The gold-standard for fibrosis diagnosis in non-alcoholic fatty liver disease (NAFLD) is liver biopsy, despite its invasive approach, sampling limitations and variability among observers. The objective was to validate the performance of non-invasive methods (Fibroscan™; APRI, FIB4 and NAFLD score) comparing with liver biopsy in the evaluation of liver fibrosis in patients with NAFLD.

Material and methods

NAFLD patients ≥18 years of age who were submitted to liver biopsy were included and evaluated at two reference tertiary hospitals in Brazil with transient hepatic elastography (THE) assessment through Fibroscan™, APRI, FIB4 and NAFLD scores were determined. Sensitivity, specificity, positive (PPV) and negative (NPV) predictive values for the diagnosis of advanced fibrosis were calculated to evaluate the performance of these non-invasive methods in NAFLD patients, adopting liver biopsy as the gold standard.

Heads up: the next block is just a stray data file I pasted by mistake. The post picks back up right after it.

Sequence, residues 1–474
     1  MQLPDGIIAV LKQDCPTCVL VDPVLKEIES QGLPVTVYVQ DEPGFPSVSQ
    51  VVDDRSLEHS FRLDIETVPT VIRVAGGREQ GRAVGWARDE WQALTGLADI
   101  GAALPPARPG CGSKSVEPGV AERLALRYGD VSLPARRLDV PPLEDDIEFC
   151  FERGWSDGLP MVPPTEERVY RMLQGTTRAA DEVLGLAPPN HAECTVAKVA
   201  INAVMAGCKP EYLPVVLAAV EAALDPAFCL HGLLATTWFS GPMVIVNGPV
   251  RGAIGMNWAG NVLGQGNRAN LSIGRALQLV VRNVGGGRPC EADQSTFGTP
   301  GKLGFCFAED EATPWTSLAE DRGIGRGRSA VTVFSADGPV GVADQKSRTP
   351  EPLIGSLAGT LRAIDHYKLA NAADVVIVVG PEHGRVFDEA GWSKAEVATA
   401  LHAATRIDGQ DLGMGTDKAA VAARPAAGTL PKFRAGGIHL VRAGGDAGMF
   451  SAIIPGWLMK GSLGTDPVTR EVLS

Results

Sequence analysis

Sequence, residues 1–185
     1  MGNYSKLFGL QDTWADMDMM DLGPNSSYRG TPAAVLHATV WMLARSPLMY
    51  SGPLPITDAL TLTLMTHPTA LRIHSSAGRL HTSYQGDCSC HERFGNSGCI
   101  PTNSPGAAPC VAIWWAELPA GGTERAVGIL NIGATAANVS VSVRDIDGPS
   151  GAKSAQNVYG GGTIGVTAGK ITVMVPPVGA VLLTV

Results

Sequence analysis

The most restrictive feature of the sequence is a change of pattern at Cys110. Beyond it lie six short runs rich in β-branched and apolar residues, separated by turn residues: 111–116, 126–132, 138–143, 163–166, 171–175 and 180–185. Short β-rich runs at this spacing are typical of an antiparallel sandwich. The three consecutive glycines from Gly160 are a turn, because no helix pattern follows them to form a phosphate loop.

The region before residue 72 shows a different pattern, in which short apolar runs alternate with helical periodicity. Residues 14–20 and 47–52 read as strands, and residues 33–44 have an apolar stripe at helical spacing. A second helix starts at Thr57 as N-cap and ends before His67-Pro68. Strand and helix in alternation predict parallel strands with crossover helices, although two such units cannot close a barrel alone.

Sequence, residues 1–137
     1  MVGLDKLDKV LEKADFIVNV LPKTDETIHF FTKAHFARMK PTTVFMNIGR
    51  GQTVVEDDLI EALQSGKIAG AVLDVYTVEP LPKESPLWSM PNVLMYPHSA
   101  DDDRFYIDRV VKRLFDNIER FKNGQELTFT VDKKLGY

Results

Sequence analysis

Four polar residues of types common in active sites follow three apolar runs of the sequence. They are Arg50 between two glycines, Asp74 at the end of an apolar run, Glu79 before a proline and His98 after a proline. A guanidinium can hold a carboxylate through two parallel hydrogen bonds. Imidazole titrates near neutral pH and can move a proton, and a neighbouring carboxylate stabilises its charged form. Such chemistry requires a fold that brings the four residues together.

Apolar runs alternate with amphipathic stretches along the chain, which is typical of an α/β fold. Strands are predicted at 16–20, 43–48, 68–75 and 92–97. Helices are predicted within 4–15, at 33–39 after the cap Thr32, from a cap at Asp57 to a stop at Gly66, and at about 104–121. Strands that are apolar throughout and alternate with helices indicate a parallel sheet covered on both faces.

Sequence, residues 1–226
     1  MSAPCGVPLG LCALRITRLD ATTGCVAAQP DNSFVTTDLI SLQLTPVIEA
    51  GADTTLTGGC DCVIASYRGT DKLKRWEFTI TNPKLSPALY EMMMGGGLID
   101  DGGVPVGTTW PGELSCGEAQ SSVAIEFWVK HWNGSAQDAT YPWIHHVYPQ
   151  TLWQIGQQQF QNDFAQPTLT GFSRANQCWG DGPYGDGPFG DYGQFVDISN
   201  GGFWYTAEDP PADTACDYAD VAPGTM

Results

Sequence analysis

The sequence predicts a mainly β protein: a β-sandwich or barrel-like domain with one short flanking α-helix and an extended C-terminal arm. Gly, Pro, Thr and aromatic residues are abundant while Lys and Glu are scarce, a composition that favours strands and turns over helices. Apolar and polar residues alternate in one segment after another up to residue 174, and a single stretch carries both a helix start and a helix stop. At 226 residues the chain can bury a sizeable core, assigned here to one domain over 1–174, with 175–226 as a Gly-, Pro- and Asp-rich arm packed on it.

A total of 104 patients were studied. At three different cutoff values (7.9, 8.7 and 9.6kPa) THE presented the highest sensitivity values (95%, 90% and 85% respectively), and the highest NPV (98%, 96.4% and 95.1% respectively) for the diagnosis of advanced fibrosis. It also presented the highest AUROC (0.87; CI 95% 0.78–0.97).


When compared to the gold standard, transient hepatic elastography presented the best performance for the diagnosis and exclusion of advanced fibrosis in patients with NAFLD, overcoming APRI, FIB4 and NAFLD score.

Full Text

Non-alcoholic fatty liver disease (NAFLD) is a clinically relevant condition. It presents an evolutionary potential, including the development of nonalcoholic steatohepatitis (NASH), cirrhosis and inherent complications such as hepatocellular carcinoma [1–4].